Florida: Senate version of “Judicial Accountability” bill would no longer force judges off of criminal cases if racial disparity in sentencing found

The Florida Senate’s Criminal Justice committee earlier today held a hearing on SB 382 which would require the legislature’s Office of Program Policy Analysis and Government Accountability (OPPAGA) collect data on all criminal sentences handed down over the previous 5 calendar years to determine whether or not judges were issuing disparate sentences based on race or other demographic criteria. The reports would have to be posted online.

The committee-approved version of the bill makes two changes via amendment.

  1. Judges who are found to have issued disparate sentences would not be forced to automatically recuse/disqualify in cases involving a member of a particular demographic group.
  2. The demographic data collect would be different.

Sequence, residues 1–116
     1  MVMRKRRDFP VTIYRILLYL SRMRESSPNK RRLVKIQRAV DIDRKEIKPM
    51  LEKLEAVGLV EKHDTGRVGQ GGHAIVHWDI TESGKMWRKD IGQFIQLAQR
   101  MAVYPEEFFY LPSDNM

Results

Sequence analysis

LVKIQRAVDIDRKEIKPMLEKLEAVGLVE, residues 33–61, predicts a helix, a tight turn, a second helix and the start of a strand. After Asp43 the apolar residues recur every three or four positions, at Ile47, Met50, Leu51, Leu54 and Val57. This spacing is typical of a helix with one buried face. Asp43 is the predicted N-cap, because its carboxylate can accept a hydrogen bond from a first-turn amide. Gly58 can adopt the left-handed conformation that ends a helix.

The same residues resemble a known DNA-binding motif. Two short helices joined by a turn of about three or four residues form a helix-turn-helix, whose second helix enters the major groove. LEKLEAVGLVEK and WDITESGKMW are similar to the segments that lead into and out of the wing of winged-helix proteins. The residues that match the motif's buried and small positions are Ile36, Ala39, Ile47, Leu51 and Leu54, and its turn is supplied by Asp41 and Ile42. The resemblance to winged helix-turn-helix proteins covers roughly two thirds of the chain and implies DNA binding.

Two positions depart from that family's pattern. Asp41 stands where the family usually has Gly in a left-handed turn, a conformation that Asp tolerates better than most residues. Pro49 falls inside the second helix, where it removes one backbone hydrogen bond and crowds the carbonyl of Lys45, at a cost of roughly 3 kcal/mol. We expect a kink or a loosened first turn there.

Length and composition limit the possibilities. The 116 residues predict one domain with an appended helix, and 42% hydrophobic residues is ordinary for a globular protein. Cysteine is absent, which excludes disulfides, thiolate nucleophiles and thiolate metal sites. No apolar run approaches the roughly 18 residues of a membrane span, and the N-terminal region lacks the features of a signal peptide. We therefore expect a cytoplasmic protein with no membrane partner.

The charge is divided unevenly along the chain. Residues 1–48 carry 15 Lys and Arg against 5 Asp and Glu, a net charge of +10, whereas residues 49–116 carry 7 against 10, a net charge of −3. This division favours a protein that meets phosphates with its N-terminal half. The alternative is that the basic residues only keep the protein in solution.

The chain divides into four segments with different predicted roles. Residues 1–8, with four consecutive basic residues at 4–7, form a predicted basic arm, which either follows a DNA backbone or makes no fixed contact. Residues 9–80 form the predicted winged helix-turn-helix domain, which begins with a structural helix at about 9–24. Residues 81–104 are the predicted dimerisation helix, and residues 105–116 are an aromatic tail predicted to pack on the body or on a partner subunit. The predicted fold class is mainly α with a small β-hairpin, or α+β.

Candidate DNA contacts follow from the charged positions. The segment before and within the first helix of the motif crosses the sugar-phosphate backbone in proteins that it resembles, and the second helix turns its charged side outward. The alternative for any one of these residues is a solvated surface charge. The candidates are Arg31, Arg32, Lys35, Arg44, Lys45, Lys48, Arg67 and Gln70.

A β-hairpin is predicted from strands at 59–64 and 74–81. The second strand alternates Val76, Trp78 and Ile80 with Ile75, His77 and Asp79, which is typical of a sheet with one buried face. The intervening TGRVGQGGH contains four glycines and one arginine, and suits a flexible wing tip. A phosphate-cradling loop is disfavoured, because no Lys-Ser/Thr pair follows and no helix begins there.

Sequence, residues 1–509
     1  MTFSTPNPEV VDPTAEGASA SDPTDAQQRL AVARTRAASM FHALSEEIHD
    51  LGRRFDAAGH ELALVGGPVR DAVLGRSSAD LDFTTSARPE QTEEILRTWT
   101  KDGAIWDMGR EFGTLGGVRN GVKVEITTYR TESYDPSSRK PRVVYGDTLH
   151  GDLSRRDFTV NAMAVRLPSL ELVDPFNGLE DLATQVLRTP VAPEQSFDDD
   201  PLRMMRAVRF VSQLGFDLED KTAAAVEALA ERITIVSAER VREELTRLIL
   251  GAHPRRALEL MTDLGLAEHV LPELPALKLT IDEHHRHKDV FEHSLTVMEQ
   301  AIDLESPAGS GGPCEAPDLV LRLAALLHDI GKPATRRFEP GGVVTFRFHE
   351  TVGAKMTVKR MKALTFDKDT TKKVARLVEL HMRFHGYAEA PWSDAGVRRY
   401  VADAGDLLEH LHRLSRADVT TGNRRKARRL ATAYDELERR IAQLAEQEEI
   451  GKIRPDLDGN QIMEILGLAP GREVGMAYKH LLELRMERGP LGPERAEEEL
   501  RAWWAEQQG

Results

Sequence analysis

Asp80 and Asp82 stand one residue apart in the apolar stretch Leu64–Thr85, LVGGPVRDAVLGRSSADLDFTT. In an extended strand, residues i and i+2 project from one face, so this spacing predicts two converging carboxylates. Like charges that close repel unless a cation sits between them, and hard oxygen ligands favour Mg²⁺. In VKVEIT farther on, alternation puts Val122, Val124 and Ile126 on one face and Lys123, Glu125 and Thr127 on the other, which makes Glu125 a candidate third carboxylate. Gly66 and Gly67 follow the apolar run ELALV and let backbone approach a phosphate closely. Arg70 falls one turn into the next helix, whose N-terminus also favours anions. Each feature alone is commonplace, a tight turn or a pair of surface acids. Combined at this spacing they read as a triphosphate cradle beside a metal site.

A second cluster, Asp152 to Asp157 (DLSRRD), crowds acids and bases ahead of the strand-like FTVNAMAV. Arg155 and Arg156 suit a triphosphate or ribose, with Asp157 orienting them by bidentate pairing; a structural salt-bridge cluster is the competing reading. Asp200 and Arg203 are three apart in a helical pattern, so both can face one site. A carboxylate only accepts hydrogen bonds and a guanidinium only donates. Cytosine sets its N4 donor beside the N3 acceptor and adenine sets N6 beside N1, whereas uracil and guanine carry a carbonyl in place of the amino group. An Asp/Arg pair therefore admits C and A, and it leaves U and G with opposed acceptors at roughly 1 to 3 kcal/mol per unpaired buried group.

Original Amended
Age Date of Birth
Sex Sex
Race Race and ethnicity
Income Court-appointed or private counsel
Prior criminal history Scoresheet

Scoresheet here appears to refer to this scoresheet used to assist in determining sentences.

During the hearing (video here starting at 43:00) the author indicated this was not a bill to attack judges but only to collect data. Others voiced concerns that, given the high percentage of plea bargains (98% in at least one area in the state), that the data would not reflect the judge’s sentencing but the plea agreements reached between the prosecutors and defendants.

As a result of these concerns, the possibility of coming up with some form of compromise bill was brought up. In the end, SB 382 was postponed in the committee.